From Sinner, to Saint, to Failure, to Called
Simon Peter said to them, “I am going fishing.” They said to him, “We will go with you.” They went out and got into the boat, but that night they caught nothing. Just as day was breaking, Jesus stood on the shore; yet the disciples did not know that it was Jesus. Jesus said to them, “Children, do you have any fish?” They answered him, “No.” He said to them, “Cast the net on the right side of the boat, and you will find some.” So they cast it, and now they were not able to haul it in, because of the quantity of fish. That disciple whom Jesus loved therefore said to Peter, “It is the Lord!” When Simon Peter heard that it was the Lord, he put on his outer garment, for he was stripped for work, and threw himself into the sea… – John 21:3-7
Nearly the same story and event that occurred with Peter at the beginning of Jesus’ ministry, occurs again at the end of it (see Luke 5). I can imagine a tired, frustrated, guilt-ridden Peter, full of disappointment at his lack of fish, yet deeper, full of shame from his denial of Jesus. I can visualize him quickly putting on his cloak and jumping from the boat to swim to shore, desperate to see and speak with Jesus, the rabbi — his rabbi. To think of how much that moment and miracle meant to Peter, having occurred after his denial of the man he loved — a man Peter had claimed he’d lay down his life for, who instead he outright denied. He was a sinner when initially called, and was called as a failure the second. The mixture of gratitude, desperation, and remorse must have been immense. He must have known that Jesus held nothing against him, that all was forgiven and made new. I’m certain, that as he approached Jesus, he was dripping not only with water but also with tears; realizing how wretched he was, but knowing he was even more forgiven.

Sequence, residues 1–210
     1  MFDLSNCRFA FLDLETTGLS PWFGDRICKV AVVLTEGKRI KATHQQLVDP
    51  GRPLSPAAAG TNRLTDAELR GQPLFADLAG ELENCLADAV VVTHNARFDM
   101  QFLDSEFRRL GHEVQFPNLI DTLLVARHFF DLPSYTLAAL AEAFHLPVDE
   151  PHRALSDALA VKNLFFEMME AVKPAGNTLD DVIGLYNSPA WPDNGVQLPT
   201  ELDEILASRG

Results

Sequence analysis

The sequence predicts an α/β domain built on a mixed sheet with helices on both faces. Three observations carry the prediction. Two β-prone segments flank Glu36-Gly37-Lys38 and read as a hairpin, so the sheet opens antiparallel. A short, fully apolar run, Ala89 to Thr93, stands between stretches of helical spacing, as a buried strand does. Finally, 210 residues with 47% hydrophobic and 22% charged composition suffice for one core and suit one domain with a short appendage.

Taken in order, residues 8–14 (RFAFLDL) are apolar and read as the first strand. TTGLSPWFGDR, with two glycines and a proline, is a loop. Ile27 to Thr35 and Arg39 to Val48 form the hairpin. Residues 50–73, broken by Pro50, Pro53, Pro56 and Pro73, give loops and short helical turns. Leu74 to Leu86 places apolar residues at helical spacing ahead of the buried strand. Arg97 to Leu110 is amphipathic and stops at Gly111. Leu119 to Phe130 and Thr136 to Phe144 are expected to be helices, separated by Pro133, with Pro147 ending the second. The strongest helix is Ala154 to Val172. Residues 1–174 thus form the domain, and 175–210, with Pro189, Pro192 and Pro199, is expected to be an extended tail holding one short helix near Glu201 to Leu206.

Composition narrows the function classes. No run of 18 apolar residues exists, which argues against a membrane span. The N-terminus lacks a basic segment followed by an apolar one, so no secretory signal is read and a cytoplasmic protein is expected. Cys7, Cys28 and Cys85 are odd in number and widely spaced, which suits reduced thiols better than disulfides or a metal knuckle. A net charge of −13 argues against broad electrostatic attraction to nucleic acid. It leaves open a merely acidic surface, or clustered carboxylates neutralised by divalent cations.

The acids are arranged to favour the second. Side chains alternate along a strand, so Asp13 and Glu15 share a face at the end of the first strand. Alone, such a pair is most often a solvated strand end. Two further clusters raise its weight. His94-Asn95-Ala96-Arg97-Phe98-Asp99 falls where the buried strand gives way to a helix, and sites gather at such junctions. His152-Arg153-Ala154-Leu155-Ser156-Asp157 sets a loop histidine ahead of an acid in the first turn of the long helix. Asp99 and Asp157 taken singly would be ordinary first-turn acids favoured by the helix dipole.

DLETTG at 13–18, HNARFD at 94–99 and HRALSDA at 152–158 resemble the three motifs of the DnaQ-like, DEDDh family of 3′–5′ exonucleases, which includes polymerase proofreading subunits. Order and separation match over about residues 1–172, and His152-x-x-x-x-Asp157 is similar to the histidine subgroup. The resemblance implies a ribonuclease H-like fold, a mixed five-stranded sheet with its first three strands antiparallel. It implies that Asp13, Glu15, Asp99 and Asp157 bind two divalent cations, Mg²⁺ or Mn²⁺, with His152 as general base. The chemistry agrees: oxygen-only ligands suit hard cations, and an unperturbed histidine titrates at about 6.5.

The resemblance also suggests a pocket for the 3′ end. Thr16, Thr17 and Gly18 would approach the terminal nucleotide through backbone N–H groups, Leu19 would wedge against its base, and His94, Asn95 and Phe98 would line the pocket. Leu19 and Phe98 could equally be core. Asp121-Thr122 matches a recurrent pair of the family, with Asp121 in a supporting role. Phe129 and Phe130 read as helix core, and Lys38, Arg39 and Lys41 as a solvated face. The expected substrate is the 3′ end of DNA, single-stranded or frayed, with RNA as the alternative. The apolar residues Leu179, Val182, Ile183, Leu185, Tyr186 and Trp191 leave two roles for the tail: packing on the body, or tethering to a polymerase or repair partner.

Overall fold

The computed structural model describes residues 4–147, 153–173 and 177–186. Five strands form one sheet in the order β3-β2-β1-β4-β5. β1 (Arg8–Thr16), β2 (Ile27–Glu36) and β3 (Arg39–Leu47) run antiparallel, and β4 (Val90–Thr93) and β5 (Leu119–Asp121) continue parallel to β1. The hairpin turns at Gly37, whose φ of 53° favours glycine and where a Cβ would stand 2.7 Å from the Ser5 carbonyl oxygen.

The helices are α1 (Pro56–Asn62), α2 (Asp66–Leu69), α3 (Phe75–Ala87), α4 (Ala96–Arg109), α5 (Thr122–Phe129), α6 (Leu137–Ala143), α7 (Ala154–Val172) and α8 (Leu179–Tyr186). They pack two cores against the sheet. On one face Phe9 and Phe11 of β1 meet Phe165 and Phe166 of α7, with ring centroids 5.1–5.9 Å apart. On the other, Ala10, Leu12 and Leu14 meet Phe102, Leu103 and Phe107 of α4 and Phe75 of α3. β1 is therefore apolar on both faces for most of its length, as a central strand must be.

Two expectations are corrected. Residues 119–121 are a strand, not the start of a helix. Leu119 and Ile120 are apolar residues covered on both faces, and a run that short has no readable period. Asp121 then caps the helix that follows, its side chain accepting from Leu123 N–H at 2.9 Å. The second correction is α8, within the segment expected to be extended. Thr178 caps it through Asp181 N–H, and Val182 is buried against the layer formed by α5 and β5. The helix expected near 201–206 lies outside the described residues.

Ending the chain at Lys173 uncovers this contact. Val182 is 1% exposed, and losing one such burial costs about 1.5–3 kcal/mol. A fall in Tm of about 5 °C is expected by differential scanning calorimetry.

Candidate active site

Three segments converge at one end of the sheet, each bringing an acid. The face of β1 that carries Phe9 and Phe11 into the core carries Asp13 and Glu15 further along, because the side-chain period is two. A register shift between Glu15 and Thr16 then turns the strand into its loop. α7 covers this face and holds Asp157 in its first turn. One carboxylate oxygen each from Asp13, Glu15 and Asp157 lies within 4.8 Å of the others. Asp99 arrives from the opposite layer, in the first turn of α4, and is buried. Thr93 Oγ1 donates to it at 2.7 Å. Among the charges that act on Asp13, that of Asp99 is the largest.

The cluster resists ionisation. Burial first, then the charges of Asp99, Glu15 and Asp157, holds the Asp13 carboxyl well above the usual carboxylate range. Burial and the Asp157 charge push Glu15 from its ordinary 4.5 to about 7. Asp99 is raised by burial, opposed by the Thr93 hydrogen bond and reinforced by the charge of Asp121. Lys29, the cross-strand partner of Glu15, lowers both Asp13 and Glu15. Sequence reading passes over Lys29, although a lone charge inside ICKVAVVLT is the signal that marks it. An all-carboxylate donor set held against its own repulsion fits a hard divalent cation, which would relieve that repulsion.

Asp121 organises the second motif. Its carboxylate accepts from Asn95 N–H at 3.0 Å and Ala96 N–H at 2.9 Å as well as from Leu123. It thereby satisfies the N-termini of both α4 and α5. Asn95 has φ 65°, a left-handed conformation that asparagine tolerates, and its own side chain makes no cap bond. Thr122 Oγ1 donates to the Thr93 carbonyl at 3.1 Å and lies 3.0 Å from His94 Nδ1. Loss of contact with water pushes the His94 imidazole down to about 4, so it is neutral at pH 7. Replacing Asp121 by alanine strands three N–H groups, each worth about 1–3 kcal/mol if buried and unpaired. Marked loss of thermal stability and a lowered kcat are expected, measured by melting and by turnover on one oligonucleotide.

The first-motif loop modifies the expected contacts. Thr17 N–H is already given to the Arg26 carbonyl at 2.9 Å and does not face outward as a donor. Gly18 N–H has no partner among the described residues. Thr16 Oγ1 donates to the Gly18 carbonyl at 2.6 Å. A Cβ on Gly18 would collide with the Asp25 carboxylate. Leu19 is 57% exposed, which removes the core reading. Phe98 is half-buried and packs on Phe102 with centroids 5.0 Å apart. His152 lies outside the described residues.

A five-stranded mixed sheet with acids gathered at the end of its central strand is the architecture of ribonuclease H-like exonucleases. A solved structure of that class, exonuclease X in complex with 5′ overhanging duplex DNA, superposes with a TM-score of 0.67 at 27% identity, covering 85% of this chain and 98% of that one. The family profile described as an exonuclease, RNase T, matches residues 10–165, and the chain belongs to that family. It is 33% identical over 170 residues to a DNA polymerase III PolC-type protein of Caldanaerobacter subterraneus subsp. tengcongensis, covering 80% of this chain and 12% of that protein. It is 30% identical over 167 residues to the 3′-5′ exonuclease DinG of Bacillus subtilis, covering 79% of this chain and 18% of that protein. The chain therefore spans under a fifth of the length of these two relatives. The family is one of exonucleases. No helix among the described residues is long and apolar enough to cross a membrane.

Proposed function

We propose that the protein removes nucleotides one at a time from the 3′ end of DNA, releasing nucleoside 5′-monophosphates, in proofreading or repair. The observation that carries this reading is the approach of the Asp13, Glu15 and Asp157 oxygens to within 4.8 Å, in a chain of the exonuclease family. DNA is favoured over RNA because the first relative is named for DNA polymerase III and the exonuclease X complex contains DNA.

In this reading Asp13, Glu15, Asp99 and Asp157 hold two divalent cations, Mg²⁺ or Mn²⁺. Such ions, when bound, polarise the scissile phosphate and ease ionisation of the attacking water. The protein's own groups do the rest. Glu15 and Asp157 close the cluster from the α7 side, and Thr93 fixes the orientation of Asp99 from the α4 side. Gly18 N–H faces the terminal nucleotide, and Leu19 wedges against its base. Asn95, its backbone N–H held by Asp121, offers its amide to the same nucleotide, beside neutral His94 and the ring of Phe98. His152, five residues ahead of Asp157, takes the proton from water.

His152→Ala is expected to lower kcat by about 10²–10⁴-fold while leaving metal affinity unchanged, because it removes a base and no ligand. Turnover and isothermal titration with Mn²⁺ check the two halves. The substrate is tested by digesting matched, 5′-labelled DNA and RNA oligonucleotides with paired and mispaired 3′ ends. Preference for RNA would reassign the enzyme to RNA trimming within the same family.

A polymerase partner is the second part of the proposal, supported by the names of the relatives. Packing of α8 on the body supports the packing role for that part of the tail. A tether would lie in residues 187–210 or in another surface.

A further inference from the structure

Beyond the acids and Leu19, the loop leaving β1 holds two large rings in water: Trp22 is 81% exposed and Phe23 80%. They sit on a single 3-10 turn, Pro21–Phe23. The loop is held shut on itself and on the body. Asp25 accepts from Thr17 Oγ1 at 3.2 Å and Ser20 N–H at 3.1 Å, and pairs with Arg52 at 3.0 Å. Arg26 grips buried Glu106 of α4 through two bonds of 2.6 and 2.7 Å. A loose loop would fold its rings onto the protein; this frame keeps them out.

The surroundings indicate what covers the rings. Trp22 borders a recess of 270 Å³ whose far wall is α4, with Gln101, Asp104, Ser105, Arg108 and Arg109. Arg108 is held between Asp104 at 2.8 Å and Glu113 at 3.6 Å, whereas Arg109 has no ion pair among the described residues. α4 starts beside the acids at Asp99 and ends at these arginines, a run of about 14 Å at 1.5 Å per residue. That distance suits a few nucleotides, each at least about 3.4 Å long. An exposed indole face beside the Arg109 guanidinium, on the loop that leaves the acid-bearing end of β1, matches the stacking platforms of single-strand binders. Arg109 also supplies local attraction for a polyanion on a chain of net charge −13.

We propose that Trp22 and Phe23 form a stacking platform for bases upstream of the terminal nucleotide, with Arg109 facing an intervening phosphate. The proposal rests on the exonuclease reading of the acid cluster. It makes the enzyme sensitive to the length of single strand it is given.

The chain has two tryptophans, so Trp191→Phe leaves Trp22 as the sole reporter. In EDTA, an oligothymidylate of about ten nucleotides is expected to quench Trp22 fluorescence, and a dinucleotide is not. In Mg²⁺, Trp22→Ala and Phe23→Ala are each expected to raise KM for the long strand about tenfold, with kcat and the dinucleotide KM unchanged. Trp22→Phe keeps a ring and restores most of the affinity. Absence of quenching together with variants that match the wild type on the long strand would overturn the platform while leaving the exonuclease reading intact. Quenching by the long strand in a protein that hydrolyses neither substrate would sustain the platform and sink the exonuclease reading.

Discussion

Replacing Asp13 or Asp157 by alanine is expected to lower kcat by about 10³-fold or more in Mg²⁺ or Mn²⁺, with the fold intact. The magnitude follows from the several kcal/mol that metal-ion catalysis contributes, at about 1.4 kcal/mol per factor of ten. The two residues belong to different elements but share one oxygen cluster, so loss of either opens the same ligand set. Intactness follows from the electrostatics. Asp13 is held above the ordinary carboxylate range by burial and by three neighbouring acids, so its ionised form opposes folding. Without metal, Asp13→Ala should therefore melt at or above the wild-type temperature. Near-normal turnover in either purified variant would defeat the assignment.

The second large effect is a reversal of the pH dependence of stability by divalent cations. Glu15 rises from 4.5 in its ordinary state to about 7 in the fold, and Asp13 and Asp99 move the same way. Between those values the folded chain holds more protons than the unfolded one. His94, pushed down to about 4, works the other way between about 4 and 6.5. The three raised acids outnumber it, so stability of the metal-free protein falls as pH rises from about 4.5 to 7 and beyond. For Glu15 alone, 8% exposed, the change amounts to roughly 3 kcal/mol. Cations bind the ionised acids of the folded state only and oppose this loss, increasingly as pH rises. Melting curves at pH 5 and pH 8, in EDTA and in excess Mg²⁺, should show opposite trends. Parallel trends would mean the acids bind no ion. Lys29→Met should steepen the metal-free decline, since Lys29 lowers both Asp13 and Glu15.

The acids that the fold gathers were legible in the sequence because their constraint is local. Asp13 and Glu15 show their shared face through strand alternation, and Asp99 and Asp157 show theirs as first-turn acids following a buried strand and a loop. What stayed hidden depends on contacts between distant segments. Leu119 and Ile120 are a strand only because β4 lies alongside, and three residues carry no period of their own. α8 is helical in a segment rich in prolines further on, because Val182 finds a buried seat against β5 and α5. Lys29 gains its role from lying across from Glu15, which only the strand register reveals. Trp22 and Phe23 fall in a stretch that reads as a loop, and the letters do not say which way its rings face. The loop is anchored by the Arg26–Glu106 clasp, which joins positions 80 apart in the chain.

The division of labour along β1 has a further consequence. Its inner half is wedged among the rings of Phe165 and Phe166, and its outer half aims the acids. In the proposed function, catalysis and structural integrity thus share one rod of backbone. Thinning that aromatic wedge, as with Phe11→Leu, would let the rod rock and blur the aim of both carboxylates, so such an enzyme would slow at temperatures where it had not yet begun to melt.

Jesus is always waiting for us on the other side. After triumph, defeat, victory, loss, blessing, heartache, success, and failure, he approaches us just the same, as he did Peter. I have to wonder if this is what finally humbled Peter, so much so that from then on he was far more grounded, far more unwavering in his commitment unto Christ, both in life and death. A second time Jesus called Peter, and again Peter followed. This time, the call was unto death, and still Peter followed.
I want to follow as Peter did — not perfectly, but passionately.
Follow Me (Again)
[Jesus] said to him the third time, “Simon, son of John, do you love me?” Peter was grieved because he said to him the third time, “Do you love me?” and he said to him, “Lord, you know everything; you know that I love you.” Jesus said to him, “Feed my sheep. Truly, truly, I say to you, when you were young, you used to dress yourself and walk wherever you wanted, but when you are old, you will stretch out your hands, and another will dress you and carry you where you do not want to go.” (This he said to show by what kind of death he was to glorify God.) And after saying this he said to him, “Follow me.” – John 21:17-19